In a month's time I’ll be travelling to Melbourne, Australia to participate in Memefest 2016, at Swinburne University. My relationship with Memefest goes back over 10 years, and I'm very excited to participate in this edition as a symposium presenter, workshop facilitator and mentor.
In the world of graphic design, discussion of its social role has been in vogue (again) for the last few years, with the rise of catchphrases such as design thinking, social good/social innovation design, human-centred design, etc. However, much of this discussion and work fails to critically engage with the problematic infrastructures of design practice itself, question its strategic approaches and processes, or position itself in relation/opposition to neoliberal capitalism (imho, the most important design challenge of our time) and other systems of oppression and exploitation. More often than not, this social design framework simply implies using the same commercial design approaches applied to a non-profit clientele, holding a focus group and calling it participatory design, or using recycled paper and claiming to be building a sustainable future. A deep distance exists between designers and those on the ground actually working for social change.
Memefest, as a network and event, has always acted in opposition to this framework, engaging in deep interdisciplinary communications theory, and intensive productive collaborations with local and global struggles. It does not take commercial or institutional design as an a priori definition of the discipline.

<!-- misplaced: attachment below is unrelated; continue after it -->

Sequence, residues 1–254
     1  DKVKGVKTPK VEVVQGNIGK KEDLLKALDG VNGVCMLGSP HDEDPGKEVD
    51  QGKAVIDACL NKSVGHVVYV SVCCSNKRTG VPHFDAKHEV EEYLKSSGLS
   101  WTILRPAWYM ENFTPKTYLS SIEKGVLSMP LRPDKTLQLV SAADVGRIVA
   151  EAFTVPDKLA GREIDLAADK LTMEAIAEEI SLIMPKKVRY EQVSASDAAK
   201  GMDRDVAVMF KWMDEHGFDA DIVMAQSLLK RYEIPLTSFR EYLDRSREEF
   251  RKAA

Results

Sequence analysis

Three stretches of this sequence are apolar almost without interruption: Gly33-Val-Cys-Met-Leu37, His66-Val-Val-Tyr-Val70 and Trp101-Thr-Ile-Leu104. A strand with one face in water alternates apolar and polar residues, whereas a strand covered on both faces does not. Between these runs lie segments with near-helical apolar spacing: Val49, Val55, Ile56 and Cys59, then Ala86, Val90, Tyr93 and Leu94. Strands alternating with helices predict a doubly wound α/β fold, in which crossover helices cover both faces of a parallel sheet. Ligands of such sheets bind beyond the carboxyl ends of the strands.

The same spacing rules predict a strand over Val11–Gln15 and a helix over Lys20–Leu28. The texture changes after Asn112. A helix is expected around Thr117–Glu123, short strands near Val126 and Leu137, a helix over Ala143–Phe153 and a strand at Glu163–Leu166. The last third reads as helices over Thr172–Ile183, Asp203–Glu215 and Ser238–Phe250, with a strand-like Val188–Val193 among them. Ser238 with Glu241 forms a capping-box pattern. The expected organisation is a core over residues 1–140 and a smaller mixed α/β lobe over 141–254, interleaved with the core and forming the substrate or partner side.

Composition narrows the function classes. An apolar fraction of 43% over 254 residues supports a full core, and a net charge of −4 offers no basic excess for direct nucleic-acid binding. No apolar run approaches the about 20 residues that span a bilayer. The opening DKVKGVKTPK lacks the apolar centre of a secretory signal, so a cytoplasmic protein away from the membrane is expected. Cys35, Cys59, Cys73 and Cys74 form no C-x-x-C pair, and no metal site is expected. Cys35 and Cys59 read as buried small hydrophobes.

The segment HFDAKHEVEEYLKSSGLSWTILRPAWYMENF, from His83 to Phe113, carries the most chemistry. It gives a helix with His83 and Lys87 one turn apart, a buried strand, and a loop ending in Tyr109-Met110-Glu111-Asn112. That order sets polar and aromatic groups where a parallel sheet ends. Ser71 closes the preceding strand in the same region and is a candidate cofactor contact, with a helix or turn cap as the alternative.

At the last Memefest (2014), we worked in partnership with Aboriginal decolonial groups in Australia, creating support campaigns and strategies against the forced removals of children, a wide variety of anti-racist graphics and poster interventions, documentary video, facilitated a teach-in and fundraiser, amongst many other projects (download a report of our activities here). This year, under the tantalizing theme of Pleasure, we will continue this engagement while also working with the growing refugee community in Melbourne.
Memefest is a rare opportunity for me to meet with an international group of communications activists, to discuss, strategize and work together. Before the event itself, I'll be curating work submitted to the website, and providing feedback on selected projects.
I will also be taking what promises to an inspirational trip to Hong Kong (it's kinda on the way!) before heading to Australia. I'm certain it will have a great impact on my thinking and design practice. I'm very much looking forward to these experiences, and hope to highlight my activities in both Hong Kong and Melbourne on here. Hope you'll follow along!